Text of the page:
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Founded1985; 39 years ago (1985) (as Gay & Lesbian Alliance Against Defamation)
FocusDiscrimination in media
Area served
United States
MethodMedia monitoring
Key people
Sarah Kate Ellis (President) Edit this at Wikidata

GLAAD (/ɡlæd/[1]) is an American non-governmental media monitoring organization. Originally founded as a protest against defamatory coverage of gay and lesbian demographics and their portrayals in the media and entertainment industries, it has since included bisexual and transgender people.


Formed in New York City as Gay & Lesbian Alliance Against Defamation in 1985 to protest against what it saw as the New York Post's defamatory and sensationalized AIDS coverage, GLAAD put pressure on media organizations to end what it saw as homophobic reporting. Initial meetings were held in the homes of several New York City activists as well as after-hours at the New York State Council on the Arts. The first reported meeting occurred on November 14, 1985.[2] The founding group included film scholar Vito Russo; Gregory Kolovakos, then on the staff of the NYS Arts Council and who later became the first executive director; Darryl Yates Rist; Allen Barnett;[3] and Jewelle Gomez, the organization's first treasurer.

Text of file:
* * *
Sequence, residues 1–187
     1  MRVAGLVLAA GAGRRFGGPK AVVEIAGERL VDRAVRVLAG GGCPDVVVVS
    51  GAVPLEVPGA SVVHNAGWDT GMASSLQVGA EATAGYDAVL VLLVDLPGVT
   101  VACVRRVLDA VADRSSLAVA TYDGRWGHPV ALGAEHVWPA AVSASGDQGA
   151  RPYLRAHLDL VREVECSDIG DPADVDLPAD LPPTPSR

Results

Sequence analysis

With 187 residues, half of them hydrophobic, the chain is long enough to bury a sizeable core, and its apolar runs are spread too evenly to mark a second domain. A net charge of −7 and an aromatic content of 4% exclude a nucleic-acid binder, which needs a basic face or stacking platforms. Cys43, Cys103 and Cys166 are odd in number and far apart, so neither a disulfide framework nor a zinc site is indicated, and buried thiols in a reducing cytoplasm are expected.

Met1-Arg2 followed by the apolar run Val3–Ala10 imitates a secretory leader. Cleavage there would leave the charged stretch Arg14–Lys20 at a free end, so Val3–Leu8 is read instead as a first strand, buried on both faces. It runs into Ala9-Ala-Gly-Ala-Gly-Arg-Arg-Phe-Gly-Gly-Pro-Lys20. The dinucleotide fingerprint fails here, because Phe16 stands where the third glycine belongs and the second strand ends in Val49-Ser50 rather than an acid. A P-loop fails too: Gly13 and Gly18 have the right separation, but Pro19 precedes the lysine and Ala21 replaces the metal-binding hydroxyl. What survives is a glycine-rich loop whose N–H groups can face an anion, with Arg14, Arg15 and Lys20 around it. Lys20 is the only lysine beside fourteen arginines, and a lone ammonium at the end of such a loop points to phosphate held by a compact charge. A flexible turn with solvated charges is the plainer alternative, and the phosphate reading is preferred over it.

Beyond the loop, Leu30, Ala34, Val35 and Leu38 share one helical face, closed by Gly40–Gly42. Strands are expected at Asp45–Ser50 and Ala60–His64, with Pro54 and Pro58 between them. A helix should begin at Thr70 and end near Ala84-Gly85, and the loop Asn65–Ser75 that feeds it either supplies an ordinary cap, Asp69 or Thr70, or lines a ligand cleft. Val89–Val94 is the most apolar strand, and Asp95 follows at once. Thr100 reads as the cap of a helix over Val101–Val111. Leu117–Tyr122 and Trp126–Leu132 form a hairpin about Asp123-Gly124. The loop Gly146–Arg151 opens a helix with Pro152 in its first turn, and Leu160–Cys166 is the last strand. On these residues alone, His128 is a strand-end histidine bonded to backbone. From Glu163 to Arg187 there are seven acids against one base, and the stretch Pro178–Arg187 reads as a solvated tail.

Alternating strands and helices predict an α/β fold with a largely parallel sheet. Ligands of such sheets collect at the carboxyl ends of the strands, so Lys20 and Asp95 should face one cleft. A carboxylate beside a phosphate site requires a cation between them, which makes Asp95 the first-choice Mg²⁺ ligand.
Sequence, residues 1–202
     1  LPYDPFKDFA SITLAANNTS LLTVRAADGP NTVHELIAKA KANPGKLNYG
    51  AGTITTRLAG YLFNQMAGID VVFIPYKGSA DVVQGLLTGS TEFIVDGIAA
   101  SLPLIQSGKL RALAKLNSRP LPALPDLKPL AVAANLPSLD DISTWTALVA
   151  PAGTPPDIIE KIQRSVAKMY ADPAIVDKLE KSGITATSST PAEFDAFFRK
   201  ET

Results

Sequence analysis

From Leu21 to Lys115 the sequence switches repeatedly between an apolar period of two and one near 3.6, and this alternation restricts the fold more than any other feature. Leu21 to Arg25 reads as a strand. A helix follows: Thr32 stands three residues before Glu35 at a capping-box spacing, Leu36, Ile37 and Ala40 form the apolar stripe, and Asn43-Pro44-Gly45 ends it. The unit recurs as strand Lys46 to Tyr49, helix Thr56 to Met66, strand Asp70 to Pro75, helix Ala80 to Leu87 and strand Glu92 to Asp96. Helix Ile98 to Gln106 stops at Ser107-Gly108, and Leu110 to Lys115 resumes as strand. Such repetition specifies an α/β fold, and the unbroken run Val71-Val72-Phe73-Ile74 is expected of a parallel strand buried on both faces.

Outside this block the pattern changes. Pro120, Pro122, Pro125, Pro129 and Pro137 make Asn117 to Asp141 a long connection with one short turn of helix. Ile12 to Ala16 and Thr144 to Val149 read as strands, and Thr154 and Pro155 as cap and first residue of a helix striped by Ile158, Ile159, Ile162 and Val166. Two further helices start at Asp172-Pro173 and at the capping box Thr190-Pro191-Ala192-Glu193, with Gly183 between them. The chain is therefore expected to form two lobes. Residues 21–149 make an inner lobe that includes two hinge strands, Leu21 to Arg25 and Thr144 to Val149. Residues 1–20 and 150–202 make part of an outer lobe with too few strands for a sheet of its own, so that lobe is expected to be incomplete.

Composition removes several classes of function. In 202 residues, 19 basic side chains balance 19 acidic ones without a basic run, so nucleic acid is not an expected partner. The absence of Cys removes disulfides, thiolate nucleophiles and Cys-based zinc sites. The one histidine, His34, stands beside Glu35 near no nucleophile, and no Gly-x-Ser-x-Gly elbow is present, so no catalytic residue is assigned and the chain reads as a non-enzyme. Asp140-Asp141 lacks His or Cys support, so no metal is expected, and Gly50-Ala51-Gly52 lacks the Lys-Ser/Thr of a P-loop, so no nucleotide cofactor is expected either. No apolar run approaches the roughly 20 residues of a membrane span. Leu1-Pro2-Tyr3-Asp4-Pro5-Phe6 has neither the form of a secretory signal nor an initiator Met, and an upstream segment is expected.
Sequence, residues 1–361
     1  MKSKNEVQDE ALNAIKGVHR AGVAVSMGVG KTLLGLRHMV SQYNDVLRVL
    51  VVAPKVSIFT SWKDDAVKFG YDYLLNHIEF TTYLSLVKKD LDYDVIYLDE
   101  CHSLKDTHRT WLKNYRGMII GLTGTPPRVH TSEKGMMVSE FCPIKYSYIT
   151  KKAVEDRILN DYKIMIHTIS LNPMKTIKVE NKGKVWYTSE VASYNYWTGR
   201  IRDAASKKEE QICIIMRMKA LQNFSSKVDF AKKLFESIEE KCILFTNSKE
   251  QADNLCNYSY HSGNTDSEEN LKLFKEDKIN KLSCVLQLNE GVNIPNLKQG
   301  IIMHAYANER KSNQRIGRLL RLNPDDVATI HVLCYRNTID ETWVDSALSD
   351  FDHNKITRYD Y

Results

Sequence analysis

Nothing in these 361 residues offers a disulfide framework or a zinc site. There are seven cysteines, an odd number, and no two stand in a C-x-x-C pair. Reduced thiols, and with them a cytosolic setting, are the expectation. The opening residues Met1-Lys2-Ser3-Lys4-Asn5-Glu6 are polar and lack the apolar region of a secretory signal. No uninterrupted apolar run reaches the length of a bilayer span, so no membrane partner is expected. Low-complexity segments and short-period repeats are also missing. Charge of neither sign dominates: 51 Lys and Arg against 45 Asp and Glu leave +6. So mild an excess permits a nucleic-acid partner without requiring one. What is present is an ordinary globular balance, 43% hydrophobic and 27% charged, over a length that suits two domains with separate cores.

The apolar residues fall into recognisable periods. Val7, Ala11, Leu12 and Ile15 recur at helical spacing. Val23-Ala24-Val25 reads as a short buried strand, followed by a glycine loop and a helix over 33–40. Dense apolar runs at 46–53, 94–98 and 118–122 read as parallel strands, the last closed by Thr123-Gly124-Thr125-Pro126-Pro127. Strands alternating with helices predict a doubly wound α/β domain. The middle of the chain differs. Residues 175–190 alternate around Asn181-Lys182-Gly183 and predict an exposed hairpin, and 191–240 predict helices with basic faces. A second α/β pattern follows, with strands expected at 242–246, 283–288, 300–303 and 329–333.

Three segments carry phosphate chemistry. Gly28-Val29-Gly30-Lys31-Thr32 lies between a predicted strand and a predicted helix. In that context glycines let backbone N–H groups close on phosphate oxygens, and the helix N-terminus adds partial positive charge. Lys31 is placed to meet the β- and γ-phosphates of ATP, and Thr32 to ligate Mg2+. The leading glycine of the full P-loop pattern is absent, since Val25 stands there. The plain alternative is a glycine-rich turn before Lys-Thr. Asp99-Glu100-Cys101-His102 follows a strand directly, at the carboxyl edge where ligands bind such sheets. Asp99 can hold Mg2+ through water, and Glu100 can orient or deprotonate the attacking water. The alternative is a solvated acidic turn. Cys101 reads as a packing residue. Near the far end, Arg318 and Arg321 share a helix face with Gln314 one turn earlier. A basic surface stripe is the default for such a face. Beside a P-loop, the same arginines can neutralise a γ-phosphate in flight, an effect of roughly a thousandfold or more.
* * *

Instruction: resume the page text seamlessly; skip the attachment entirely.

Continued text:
In 1987, after a meeting with GLAAD, The New York Times changed its editorial policy to use the word "gay" instead of harsher terms referring to homosexuality.[4] GLAAD advocated that the Associated Press and other television and print news sources follow. GLAAD's influence soon spread to Los Angeles, where organizers began working with the entertainment industry to change the way the gay and lesbian community were portrayed on screen.

Entertainment Weekly has named GLAAD as one of Hollywood's most powerful entities,[5] and the Los Angeles Times described GLAAD as "possibly one of the most successful organizations lobbying the media for inclusion".[6]

Within the first five years of its founding in New York as the Gay and Lesbian Anti-Defamation League (soon after changed to "Gay & Lesbian Alliance Against Defamation" after legal pressure by the Anti-Defamation League), GLAAD chapters had been established in Los Angeles and other cities, with the LA chapter becoming particularly influential due to its proximity to the California entertainment industry. GLAAD/NY and GLAAD/LA would eventually vote to merge in 1994, with other city chapters joining soon afterward; however, the chapters continue to exist, with the ceremonies of the GLAAD Media Awards being divided each year into three ceremonies held in New York City, Los Angeles and San Francisco.